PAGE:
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Stonefly Family Nemouridae (Forestflies)

Taxonomic Navigation -?-
» Family Nemouridae (Forestflies)
Genus in NemouridaeNumber of SpecimensNumber of Pictures
AmphinemuraTiny Winter Blacks15
MalenkaTiny Winter Blacks17
ProstoiaTiny Winter Blacks16
ZapadaTiny Winter Blacks34

8 genera aren't included.
Common Names
Pictures Below
  

Where & When


Time Of Year (?): Late winter to mid-spring

Pictures of 6 Stonefly Specimens in the Family Nemouridae:

Specimen Page:12
Female Amphinemura (Tiny Winter Blacks) Stonefly AdultFemale Amphinemura (Tiny Winter Blacks) Stonefly Adult View 5 PicturesA few of these tiny stoneflies were among the only species of aquatic insect adults in the air on this particular afternoon, with most of the action coming from a species of Epeorus mayfly. I somehow forgot to photograph this one on the usual ruler, but I recall it was very, very small, with an abdomen no more than 1mm in girth and the body, not counting the wings, probably just 5-7mm long.
Collected September 6, 2006 from Mystery Creek #23 in New York
Added to Troutnut.com by Troutnut on October 3, 2006
Male Malenka tina (Tiny Winter Black) Stonefly AdultMale Malenka tina (Tiny Winter Black) Stonefly Adult View 7 PicturesThis is the smallest stonefly I've ever collected, with a body only 5.5 mm long.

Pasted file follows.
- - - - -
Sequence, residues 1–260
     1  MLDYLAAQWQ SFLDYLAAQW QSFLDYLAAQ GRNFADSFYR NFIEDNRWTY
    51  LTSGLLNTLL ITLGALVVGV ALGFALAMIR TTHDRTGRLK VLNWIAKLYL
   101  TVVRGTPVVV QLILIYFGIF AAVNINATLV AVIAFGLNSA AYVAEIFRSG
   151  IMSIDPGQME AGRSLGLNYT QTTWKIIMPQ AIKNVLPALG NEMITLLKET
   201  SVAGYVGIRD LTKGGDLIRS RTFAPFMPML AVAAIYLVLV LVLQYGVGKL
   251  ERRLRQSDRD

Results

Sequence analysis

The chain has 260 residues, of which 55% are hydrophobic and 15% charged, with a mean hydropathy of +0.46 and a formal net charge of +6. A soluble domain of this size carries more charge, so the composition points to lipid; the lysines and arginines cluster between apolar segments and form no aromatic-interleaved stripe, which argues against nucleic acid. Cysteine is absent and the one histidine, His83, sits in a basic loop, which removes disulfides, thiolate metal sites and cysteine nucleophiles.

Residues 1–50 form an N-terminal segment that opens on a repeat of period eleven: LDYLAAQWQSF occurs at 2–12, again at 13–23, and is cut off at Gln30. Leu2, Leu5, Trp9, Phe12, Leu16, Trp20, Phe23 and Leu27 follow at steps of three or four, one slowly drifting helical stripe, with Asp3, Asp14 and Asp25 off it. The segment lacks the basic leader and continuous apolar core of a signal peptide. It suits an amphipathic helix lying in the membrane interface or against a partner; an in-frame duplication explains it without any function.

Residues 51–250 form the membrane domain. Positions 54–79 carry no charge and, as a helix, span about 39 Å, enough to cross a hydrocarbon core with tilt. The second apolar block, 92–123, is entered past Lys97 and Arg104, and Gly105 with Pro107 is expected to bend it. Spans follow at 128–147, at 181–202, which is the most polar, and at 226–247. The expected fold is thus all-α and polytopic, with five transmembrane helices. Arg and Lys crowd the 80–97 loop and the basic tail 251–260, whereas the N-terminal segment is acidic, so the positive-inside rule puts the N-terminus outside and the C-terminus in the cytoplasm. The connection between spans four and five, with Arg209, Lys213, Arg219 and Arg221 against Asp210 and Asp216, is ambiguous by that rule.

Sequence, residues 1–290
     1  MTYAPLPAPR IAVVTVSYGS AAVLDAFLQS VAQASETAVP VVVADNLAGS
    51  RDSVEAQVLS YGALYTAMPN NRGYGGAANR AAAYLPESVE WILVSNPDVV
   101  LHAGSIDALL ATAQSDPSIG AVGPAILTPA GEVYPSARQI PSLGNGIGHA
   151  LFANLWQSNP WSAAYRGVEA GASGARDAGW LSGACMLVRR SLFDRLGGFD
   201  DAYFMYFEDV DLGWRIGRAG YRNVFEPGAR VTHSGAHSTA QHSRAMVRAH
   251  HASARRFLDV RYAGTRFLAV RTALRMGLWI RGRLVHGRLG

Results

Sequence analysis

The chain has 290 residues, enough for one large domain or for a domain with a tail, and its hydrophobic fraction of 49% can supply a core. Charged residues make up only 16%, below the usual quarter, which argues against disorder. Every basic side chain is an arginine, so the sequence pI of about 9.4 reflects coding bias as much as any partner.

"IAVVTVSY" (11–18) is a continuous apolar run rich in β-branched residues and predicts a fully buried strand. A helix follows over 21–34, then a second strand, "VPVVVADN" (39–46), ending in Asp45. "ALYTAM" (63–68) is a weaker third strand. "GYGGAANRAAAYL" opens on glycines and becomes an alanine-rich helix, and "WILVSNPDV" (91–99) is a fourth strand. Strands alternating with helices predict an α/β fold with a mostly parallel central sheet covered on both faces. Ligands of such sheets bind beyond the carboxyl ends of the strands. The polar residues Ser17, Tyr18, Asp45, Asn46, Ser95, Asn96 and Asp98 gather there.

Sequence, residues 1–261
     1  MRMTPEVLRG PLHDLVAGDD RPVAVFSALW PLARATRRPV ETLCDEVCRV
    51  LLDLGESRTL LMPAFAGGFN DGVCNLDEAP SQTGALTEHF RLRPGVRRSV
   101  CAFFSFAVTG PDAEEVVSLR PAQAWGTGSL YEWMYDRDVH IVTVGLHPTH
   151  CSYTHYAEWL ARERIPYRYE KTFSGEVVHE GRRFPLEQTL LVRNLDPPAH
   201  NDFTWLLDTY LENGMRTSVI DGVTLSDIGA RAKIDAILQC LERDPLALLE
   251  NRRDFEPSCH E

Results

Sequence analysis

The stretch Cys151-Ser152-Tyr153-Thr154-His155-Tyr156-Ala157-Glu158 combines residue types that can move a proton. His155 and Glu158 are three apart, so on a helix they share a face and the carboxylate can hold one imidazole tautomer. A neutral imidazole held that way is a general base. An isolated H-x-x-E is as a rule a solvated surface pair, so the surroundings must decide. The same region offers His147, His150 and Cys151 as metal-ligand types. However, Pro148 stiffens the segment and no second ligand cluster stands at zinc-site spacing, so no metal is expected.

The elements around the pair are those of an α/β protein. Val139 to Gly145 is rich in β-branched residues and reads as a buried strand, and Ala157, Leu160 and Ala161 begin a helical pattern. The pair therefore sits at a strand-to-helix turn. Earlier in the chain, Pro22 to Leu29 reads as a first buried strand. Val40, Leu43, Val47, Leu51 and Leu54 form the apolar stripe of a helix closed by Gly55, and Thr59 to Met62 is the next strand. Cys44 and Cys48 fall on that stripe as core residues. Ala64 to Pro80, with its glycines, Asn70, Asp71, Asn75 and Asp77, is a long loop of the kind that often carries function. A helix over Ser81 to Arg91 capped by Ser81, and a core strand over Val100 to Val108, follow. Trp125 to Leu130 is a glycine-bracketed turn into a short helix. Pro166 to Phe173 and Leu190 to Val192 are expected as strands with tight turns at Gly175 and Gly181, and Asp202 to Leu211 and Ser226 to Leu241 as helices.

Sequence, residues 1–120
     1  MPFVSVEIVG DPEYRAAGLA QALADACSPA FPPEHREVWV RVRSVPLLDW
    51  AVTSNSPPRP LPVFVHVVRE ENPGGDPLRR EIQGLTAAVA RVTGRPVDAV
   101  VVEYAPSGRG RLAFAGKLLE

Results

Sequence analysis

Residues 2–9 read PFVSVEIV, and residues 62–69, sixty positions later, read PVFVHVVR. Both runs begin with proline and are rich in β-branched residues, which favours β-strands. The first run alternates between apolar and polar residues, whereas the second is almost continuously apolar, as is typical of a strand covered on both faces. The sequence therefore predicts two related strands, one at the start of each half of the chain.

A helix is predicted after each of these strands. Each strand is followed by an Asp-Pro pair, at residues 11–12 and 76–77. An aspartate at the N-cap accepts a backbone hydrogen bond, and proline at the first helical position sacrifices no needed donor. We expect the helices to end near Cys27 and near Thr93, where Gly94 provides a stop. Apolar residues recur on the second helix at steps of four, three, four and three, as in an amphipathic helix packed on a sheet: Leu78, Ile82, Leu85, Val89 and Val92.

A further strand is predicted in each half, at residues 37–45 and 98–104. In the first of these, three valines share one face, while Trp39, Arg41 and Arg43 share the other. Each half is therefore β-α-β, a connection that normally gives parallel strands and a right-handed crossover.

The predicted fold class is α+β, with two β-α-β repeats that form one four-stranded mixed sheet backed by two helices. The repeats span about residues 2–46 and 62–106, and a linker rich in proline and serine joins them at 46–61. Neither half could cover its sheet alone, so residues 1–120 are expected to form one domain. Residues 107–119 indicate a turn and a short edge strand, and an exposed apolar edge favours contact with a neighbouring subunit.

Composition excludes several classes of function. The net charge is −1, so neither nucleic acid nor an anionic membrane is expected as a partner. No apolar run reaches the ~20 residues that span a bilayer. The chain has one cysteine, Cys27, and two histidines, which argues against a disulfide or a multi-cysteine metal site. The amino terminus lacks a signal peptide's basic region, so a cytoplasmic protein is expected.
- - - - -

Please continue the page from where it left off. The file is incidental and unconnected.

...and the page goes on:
Although not in-focus in my pictures, its first tarsal segment is similar in length to the third, while the second is much shorter. This helps with family-level identification.

Examining this specimen under a microscope shows a membranous lobe on the dorsal (Dorsal: Top.) base of the cerci (Cercus: The left and right "tails" of an insect are known as the cerci or caudal cerci. The middle tail of a three-tailed insect is not.), which is the key characteristic in Merritt & Cummins (4th ed.) to place the genus definitively as Malenka.

Following the species key in Jewett Jr's Stoneflies of the Pacific Northwest, the species appears to be Malenka tina. My dissecting microscope seems to show sternite (
One sternite of this Isonychia bicolor mayfly spinner is highlighted in red.
One sternite of this Isonychia bicolor mayfly spinner is highlighted in red.
Sternite: The bottom (ventral) part of a single segment on an insect's abdomen.
)
9 ending in a rounded knob, which distinguishes it from Malenka bifurcata, but the detail is hard to work out.

Also worth noting is that Montana appears to have this species, whereas birfucata is not know there: http://fieldguide.mt.gov/displaySpecies.aspx?family=Nemouridae
Collected July 1, 2019 from the Madison River in Montana
Added to Troutnut.com by Troutnut on July 18, 2019
Specimen Page:12

Recent Discussions of Nemouridae

deligon 2 Replies »
Posted by Deligon on Jan 15, 2010
Last reply on Jan 22, 2010 by Martinlf
FISHED THE HIWASSEE RIVER IN TENN , TODAY JAN 15 2010 WEATHER HIGH 50,S
AFTER A COUPLE OF WEEKS OF TEMPS IN THE TEENS, EXPECTED MIDGE HATCH,
WE HAVE A SHAD KILL WHICH I WANTED TO FISH STREAMERS HOPING TO TAG A BIG BROWN. BUT THE WINTER STONEFLY HATCH TOOK THE SHOW. DRY FLY FISHING IN JAN. WHAT IS THE LIFE CYCLE OF THESE FLIES? CAN THEY TOLERATE THE COLD NIGHT TEMPS? DO THEY EAT AND DRINK? WHOW DO THEY MATE?
THE MORE I LEARN THE MORE I DISCOVER I DON'T KNOW

DELIGON
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